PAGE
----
You study for a test, you think you know your stuff, you take the test, and then you fail the test. Does this situation sound familiar? Do you ever think to yourself Ugh, what the heck … I swore I knew this stuff!
Reality check: If you fail the test, then you didn’t really know the material. Obviously there are exceptions to this, like if you have extreme testing anxiety, but in most cases an F means you didn’t know the information well enough — even if you studied and thought you knew it.
Good students know how to know if you’re ready for an exam. They know that studying doesn’t make someone ready. They know that staying up all night reading the chapter doesn’t make someone ready. We are only really ready for an exam if we know the answers to the questions we are asked. I’m going to repeat that because it’s really important:
We are only ready for an exam if we know the answers to the questions we are asked.
So that’s the key. That’s how to know if you’re ready for an exam. If you know the answers, you’re good to go. If you don’t know the answers, then you are not ready. I know that sounds insanely obvious, but let me explain how you can use this information to your advantage.
After you’re done studying — or ideally, while you are studying — you have to test yourself on the material. Here’s how to test yourself so you know if you’re ready for an exam:
How to know if you’re ready for an exam, and 9 ways to test yourself
1. Ask the teacher for extra worksheets or old quizzes. Complete them without looking at your notes.
2. Make your own quizzes using your study guide. Here are some free online quiz-maker sites.
3. If you have a study guide, go through the topics or questions one by one answer them without looking at your notes.
4. Answer the questions at the end of your textbook chapter. Don’t look back at the chapter.
5. Do a Google search for printable quizzes on the material you’re studying. (Yup, you can find teacher materials online.)
6. Ask a friend to quiz you aloud — make sure your friend doesn’t prompt you through the answers.
7. Make flashcards with questions on them — do not peak at the answers on the back. (Try this flashcard method.)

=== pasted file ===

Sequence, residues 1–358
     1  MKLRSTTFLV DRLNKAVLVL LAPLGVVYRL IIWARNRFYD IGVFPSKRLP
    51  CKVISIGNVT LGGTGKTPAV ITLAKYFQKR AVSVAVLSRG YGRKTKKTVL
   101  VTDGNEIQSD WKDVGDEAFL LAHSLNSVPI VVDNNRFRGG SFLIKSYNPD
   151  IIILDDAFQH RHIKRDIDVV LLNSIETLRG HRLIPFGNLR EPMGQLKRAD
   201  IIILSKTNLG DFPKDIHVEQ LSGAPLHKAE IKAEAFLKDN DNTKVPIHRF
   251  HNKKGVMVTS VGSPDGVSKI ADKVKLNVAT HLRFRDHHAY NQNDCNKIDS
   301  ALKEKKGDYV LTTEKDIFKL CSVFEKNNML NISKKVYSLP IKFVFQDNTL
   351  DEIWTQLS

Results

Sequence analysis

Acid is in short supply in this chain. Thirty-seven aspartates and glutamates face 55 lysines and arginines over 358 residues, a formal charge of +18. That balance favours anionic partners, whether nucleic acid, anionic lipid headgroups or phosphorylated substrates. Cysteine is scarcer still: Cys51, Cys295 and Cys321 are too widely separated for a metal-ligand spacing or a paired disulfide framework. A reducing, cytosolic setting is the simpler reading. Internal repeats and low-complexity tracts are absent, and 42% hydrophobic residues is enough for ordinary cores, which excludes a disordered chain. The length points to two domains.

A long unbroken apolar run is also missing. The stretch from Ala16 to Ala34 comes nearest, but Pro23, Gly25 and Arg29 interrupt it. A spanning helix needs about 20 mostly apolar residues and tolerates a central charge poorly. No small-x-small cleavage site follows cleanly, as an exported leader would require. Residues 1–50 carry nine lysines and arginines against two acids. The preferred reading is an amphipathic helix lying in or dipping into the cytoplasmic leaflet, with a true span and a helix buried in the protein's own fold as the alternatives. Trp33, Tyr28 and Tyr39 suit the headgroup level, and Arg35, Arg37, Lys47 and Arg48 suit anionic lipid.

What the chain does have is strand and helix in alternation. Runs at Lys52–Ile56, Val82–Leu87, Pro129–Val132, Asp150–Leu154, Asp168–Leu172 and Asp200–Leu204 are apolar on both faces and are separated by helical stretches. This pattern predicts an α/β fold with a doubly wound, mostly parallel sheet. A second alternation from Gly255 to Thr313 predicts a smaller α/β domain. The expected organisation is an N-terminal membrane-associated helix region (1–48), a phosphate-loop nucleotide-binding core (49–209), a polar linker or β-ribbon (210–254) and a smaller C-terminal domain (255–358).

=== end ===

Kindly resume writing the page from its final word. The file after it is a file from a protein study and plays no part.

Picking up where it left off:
8. Print out blank diagrams or charts from the internet (if that’s relevant to what you’re studying) and try to fill them in.
9. Explain the material clearly to someone who doesn’t know it. If they understand you, you are prepared. If you can’t explain it clearly, you don’t know it.
Whatever method you choose to quiz yourself, you have to be honest when you try to answer the questions. No peeking. No glancing at your notes. No flipping over the flashcard to see the answer and then thinking to yourself Oh yeah, I knew that. Ummmm no you didn’t … otherwise you wouldn’t have flipped the flashcard over. (Ha! Busted.)
I like to think of this analogy, which I’ve used already on a post about test anxiety:
Suppose your coach wants you to run a mile in 8 minutes or less. If you practice every day and you know you can nail an 8-minute mile, then you will know for sure that you’re ready and you won’t be freaking out on game day. But let’s say that instead of practicing a timed mile every day, you only run randomly here and there, and you never time yourself. Then how would you feel going into the race? Uncertain? Of course! Because you don’t know if you can really do it. Taking a test without testing yourself beforehand is the same thing as my running analogy.
It’s a crappy feeling to think you’re prepared for an exam, only to end up failing it. If you take the effort to sincerely quiz yourself first, without peeking at your notes, you’ll definitely know if you’re ready for an exam. (Or, um, if you’re not!)